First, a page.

Just over one hundred years later as McCarthy and McGovern campaigned furiously against the idea that the Soviet Union was a threat to world peace -- the Soviets suddenly sent tanks rolling through the streets of Prague, crushing not only an incipient rebellion but instantly casting the anti-war movement as dangerously clueless. While Richard Nixon won only 43% of the vote over Hubert Humphrey, Independent and Cold War hawk George Wallace -- whose running-mate was retired Air Force General Curtis "Bombs Away" LeMay -- carried the balance. The vote for Nixon and Wallace combined buried Humphrey despite the irony that Humphrey had emerged as a Democratic hawk under siege by the peace wing of his own party.
TODAY'S DEMOCRATS SEEM UNAWARE of the classic tale about the frog who is asked by a scorpion for a ride over a river. The frog agrees on one condition: that if he carries the scorpion on his back the scorpion will not fatally sting the frog. The scorpion agrees -- and of course halfway across the river he stings the frog, who immediately begins to die. Still, the frog has the strength to ask in a puzzled tone why the scorpion would do such a thing to him after promising not to. "Because I'm a scorpion," comes the response. Meaning, of course, stinging is what scorpions do, and to wish otherwise is a fool's errand.
With a great deal of hard work -- federal authorities and the New York City police department have just busted an Islamic terrorist plot to blow up JFK airport. Coming as it did in the middle of the campaign, it wasn't just the travelers and employees at JFK who had a close call. Had that plot not been stopped -- had Americans turned on their television sets and computers to see images of dead and dying Americans soaked in the flames of burning airplanes and airport causeways -- the 2008 election would have been over on the spot. Americans would have been reminded that this is what terrorists do.
All those polls that say Americans want to get out of Iraq would have vanished in a microsecond as the clamor to get the bad guys, to persist, to do whatever it takes to win the global war on terror swept the country. Not only would none of the Democrats in this race win in 2008, their successor nominees for as far as the political eye can see would be doomed to the electoral no-man's land that greeted those who had the misfortune to follow the political path of the 3 M's -- McClellan, McCarthy and McGovern. Indeed, if it follows the McClellan pattern future Democratic nominees could be wandering around making unsuccessful White House races until -- 2048!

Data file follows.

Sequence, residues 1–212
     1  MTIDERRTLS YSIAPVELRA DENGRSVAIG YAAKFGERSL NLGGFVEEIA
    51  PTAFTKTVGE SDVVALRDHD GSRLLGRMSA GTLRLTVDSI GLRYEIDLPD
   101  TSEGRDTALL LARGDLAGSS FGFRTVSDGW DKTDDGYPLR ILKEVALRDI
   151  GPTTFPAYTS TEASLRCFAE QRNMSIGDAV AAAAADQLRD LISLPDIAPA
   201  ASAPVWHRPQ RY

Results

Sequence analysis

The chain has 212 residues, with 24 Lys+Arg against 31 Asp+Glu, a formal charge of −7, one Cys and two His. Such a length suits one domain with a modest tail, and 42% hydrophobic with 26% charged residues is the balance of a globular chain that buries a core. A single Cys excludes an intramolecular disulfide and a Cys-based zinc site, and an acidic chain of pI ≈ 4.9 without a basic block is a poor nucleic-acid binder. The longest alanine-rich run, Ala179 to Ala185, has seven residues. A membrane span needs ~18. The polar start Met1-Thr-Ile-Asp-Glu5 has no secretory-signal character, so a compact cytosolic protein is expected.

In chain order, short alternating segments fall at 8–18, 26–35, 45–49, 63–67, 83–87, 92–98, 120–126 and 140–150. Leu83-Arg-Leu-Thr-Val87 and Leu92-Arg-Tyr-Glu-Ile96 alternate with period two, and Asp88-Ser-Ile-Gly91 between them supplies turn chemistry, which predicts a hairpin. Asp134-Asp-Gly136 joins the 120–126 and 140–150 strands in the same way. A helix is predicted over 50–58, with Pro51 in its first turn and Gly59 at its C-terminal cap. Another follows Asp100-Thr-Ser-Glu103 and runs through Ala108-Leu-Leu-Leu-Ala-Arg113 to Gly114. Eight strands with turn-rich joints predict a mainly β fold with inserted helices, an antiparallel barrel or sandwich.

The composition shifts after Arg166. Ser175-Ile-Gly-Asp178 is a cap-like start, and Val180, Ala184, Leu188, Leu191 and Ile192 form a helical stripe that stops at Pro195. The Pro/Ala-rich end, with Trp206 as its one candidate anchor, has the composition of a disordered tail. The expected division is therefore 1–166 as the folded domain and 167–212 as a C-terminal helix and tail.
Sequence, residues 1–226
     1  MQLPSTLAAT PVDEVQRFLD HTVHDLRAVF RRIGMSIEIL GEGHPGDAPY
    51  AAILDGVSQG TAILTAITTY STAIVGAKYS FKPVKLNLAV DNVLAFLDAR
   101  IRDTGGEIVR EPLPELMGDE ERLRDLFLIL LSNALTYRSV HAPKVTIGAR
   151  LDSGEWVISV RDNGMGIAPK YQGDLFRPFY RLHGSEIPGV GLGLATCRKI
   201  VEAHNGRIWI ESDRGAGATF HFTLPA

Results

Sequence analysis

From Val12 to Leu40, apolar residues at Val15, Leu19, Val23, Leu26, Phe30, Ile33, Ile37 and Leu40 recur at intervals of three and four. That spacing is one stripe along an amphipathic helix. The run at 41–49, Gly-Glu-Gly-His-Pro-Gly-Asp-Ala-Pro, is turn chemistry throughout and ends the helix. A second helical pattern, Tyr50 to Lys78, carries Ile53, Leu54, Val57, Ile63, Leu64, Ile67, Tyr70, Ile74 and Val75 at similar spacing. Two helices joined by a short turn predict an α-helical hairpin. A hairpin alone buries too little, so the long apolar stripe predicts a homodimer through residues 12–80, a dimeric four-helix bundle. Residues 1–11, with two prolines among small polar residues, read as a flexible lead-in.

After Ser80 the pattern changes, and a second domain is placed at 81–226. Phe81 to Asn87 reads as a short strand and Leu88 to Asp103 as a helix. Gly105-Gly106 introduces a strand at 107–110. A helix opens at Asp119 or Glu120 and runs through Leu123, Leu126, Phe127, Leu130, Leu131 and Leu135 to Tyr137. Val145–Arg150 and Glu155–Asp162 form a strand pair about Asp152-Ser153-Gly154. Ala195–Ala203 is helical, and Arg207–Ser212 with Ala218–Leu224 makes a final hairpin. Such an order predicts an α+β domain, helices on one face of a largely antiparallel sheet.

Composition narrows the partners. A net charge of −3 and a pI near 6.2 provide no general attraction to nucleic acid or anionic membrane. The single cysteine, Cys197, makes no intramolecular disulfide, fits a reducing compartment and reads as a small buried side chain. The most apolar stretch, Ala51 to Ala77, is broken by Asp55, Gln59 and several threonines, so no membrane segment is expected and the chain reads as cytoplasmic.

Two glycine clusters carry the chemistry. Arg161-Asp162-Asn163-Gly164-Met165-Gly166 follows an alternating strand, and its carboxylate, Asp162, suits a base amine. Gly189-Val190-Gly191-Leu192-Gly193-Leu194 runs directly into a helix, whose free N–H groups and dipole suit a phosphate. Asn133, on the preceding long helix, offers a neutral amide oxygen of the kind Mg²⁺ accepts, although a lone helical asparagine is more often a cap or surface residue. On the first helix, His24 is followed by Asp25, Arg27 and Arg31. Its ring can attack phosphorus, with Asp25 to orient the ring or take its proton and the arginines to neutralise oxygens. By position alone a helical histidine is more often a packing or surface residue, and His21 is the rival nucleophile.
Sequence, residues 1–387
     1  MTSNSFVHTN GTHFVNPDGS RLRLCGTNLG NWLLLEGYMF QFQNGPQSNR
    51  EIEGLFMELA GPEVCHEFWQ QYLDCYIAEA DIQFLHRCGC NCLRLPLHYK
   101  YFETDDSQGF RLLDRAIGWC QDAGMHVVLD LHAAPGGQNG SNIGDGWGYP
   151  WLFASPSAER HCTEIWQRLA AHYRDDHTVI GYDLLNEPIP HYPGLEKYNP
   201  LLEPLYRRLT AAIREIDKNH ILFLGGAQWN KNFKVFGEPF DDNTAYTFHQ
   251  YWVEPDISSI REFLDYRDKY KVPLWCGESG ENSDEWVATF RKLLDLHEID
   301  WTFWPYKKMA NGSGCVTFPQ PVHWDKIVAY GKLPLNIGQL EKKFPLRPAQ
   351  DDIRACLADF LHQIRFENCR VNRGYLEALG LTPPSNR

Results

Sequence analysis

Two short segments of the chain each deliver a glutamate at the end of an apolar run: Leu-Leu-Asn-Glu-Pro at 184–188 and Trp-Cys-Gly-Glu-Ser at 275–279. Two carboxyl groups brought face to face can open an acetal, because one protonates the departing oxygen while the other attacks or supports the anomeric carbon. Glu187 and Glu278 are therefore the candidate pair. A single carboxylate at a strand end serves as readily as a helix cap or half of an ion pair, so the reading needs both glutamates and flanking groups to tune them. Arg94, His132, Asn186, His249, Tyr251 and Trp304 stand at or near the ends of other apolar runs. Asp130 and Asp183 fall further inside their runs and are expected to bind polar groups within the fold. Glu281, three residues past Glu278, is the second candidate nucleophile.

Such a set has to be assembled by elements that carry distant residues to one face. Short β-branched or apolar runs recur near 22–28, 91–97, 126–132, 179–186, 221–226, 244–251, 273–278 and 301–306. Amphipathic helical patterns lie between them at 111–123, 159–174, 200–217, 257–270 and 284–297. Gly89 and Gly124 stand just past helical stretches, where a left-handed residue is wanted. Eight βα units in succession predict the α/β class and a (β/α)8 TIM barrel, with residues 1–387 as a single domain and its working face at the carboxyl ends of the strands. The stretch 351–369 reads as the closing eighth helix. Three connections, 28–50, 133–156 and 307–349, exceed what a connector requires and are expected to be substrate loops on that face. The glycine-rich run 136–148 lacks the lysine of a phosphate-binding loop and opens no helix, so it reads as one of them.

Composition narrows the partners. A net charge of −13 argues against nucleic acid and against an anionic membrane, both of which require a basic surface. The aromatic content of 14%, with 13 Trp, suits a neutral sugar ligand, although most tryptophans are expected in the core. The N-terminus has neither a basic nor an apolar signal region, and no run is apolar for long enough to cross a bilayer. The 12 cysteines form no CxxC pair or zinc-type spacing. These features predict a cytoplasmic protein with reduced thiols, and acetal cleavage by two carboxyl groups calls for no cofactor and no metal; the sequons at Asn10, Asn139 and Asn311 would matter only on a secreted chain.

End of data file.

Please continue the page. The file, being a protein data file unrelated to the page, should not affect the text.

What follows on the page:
THERE IS A REASON WHY America's favorite Democratic presidents are FDR, Truman, JFK and Bill Clinton. The reason is that the vast majority of Democratic nominees with names like Seymour, Greeley, Tilden, Hancock, Cleveland, Bryan, Parker, Cox, Davis, Smith, Stevenson, Humphrey, McGovern, Carter, Mondale, Dukakis, Gore and Kerry simply could not win -- and in the case of nominees Bryan and Stevenson that meant not winning three times and twice respectively. You can't be anyone's favorite president if you can't win the presidency!
If it were bad luck to have a woman on board a ship in the days of the fictional Captain Jack Sparrow's pirating adventures, history certainly records that a political party whose leaders bring on board a candidate calling for retreat from a decidedly real-life moral struggle of the day -- whether it be slavery, the Cold War, or the War on Terror -- will without question induce a mind-numbing legacy of losing.
There may well be Democrats out there looking at these candidates who are thinking it, who understand it, who want to fight it. But no one is willing to say it.